Friday 23 February 2018

Honohan writes to Banking Inquiry to “clarify” controversial testimony

Daniel McConnell

Daniel McConnell

Central Bank Governor Patrick Honohan has written to the chair of the Oireachtas Banking Inquiry to clarify hard hitting evidence he gave last month.

Prof Honohan has written to Ciaran Lynch to “rephrase” his views on what was the best thing to do with Anglo Irish Bank in September 2008.

He said that his thinking on what the Government could have done at the height of the crisis, but said: “On reading the official record, I can see a different impression might have been conveyed.”

Prof Honohan in his letter distinguishes between a “hindsight scenario” and what information was actually available to Government at the time.

“The discussion at my session with the inquiry moved between these two scenarios in a manner that may not have been altogether clear,” he wrote.

Setting out his hindsight scenario, Prof Honohan argued that had the Government known saving Anglo and Irish Nationwide would cost €35bn, guaranteeing the two banks would have been too expensive as opposed to liquidating it.

He said: “Although Anglo was clearly a systemically important bank at the time, the Government would have done better by not including those two banks in a guarantee.”

He said such a move would have “shocked” European officials.

In a second scenario, based on the limited information available, Prof Honohan said then finance minister Brian Lenihan should have been nationalised and top managers should have been cleared out.

He said emergency liquidity assistance from Europe would have been extended to allow time to wind the banks down. As a result a far less costly guarantee could have been provided.

He said ultimately the Government was mistaken in its course to extend the blanket guarantee, in leaving senior managers in place for months which he said created a “potential risk (even though there was no evidence of management looting of the two failed banks)”.

Ultimately, Prof Honohan said: “None of the courses of action available at the end of September 2008 would have relieved the State of all of the costs that resulted from bank failures,” he said.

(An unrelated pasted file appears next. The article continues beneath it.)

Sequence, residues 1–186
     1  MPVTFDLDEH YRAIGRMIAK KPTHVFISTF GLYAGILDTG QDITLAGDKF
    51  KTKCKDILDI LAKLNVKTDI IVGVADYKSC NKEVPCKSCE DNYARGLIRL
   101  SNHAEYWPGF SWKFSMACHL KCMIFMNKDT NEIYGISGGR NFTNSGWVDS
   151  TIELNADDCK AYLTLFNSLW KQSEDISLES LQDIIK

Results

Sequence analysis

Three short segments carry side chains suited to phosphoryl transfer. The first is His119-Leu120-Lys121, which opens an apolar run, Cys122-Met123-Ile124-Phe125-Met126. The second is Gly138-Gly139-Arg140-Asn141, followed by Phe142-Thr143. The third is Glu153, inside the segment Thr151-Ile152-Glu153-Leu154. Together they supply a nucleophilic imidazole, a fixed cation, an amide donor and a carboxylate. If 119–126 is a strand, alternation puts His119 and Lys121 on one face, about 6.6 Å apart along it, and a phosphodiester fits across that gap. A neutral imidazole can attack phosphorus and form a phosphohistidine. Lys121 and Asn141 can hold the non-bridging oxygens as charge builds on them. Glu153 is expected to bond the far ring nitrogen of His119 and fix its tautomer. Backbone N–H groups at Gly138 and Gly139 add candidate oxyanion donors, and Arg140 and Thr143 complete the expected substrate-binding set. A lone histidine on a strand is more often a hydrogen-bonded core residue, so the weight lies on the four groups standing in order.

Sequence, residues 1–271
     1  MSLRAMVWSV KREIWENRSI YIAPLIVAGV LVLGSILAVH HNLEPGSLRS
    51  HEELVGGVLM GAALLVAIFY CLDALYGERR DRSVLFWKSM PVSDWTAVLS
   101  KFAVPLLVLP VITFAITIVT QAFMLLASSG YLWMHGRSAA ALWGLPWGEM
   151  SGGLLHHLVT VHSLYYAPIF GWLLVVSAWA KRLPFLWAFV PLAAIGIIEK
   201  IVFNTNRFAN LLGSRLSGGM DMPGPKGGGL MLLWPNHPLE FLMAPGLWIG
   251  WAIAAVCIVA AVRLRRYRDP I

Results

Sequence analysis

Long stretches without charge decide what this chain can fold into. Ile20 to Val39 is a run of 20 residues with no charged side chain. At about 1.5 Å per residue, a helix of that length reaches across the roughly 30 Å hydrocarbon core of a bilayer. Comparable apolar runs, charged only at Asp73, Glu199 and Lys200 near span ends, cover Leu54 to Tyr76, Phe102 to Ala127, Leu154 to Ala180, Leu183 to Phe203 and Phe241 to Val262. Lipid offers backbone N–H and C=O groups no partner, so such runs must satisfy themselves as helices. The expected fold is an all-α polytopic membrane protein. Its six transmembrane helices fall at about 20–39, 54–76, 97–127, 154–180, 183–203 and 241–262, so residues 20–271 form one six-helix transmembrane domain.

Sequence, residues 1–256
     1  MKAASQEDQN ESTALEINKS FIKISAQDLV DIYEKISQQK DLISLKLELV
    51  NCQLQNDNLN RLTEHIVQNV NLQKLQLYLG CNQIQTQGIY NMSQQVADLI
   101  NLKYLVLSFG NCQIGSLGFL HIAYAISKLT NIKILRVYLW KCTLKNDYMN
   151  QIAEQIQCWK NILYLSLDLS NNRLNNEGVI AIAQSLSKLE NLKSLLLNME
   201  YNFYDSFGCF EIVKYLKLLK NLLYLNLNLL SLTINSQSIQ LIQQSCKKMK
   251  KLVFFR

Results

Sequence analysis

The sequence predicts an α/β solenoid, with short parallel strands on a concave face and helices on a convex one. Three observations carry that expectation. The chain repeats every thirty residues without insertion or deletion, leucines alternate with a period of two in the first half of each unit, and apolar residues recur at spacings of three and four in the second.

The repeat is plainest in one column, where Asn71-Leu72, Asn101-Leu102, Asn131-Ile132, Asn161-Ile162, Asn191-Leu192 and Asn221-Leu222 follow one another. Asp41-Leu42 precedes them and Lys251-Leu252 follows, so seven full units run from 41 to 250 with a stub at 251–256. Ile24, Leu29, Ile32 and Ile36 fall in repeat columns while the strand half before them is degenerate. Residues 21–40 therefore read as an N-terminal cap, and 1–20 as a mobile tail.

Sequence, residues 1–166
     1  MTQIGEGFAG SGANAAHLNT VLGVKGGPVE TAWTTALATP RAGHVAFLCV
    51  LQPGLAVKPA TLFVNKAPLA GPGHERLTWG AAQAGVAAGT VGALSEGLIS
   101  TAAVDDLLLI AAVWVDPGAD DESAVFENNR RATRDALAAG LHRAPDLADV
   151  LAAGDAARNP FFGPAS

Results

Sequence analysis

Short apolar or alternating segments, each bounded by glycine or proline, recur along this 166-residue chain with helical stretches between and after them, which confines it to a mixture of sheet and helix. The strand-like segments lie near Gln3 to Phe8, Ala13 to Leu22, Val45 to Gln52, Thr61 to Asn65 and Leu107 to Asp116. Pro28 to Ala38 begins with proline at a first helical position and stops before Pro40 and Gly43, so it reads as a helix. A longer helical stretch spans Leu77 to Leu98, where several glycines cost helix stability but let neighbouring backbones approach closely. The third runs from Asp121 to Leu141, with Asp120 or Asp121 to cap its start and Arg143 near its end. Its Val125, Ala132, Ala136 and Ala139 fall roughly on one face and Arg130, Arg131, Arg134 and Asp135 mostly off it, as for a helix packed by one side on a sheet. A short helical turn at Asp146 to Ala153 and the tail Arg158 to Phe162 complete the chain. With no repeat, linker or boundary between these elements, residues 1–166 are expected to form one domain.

Prof Honohan also sought to clarify testimony given in relation to a Department of Finance meeting in which a cost figure of €8.5bn for Anglo Irish Bank was discussed.

“The contemporaneous note by Kevin Cardiff [then Head of Banking] of a meeting in which David Doyle [then Secretary General] is reported to have referenced a possible sum of €8.5bn in relation to Anglo,” he said.

“Examining the record, my evidence to the inquiry is likely created a misleading impression here in regard to one point, which I would like to correct. I do not believe that I have spoken to Mr Doyle specifically about that note. I probably did speak to Mr Cardiff about it. My understanding of Mr Doyle’s perceptions of the state of Anglo in September 2008 is based on other previous conversations,” he said.

Prof Honohan also detailed that the Central Bank had specific powers to issue directions to the banks about how much money there were lent.

He said section 23 of Central Bank Act gave the Central Bank “general power” to require a bank to adhere to a “wide range of limits” including minimum capital and liquidity requirements.

He noted that section 23 was not enacted until 2010 and breaches of section 23 would not have been liable for sanctions until then.

But he said the normal operation of the Central Bank “did not entail” the Central Bank’s board of Governors intervening to second guess the Financial Regulator.

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